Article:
Flexible supercapacitors have been demonstrated to be ideal energy storage devices owing to their lightweight and flexible nature and their high power density. However, conventional film-shaped devices struggle to meet the requirements of application in complicated situations, including medical instruments and wearable electronics. Here we report a hollow-structured flexible tubular supercapacitor prepared from a scalable method with the same diameter as electric wires. This new supercapacitor design allows for a large specific capacitance of 102 F g −1 at a current density of 1 A g −1 with excellent air-working stability over 10,000 cycles. It also shows a high energy density of 14.2 Wh kg −1 with good rate capability even at a current density of 10 A g −1 , which is superior to commercial devices (3–10 Wh kg −1 ). Moreover, the device delivers a stable energy storage capacity when encountering different flexible conditions, such as elongated, tangled and bent states, showing wide potentials in flexible and even wearable applications. Especially, it retains stable specific capacitance even after 500 bending cycles with a bending angle of 180°. The two-step fabrication method of these flexible tubular supercapacitors may allow for possible mass production, as they could be easily integrated with other functional components, and used in realistic scenarios that conventional film devices struggle to realize.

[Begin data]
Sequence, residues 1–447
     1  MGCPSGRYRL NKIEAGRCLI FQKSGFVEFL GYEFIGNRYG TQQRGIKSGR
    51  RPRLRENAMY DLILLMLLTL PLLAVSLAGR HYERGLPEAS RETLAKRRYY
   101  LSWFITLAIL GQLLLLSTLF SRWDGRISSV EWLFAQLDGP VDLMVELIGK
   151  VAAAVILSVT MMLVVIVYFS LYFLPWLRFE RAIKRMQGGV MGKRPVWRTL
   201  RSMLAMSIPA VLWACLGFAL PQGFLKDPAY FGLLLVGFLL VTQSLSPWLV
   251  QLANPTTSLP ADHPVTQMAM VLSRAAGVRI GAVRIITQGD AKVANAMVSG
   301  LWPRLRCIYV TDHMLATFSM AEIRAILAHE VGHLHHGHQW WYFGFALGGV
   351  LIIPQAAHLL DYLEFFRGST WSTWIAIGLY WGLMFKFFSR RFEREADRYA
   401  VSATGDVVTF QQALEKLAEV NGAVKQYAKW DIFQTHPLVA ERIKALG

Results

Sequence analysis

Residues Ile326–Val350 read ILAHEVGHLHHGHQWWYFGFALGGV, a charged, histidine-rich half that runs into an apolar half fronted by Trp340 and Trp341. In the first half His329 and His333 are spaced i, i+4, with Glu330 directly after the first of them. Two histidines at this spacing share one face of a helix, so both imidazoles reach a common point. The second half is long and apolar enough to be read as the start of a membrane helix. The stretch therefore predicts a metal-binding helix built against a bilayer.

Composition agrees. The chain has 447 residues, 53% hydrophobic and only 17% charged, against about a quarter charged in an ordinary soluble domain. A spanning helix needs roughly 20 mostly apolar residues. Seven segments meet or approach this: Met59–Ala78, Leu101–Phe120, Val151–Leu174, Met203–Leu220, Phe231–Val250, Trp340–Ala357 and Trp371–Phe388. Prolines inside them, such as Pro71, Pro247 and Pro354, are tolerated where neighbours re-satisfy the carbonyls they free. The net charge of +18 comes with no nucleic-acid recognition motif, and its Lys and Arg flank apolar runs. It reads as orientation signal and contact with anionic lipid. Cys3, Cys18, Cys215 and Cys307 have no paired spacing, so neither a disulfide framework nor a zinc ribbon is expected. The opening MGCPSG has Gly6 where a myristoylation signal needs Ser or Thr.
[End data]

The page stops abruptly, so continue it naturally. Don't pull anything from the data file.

Bibliographical noteThis work was supported by the Earth Engineering Center, and Center for Advanced
Materials for Energy and Environment at Columbia University.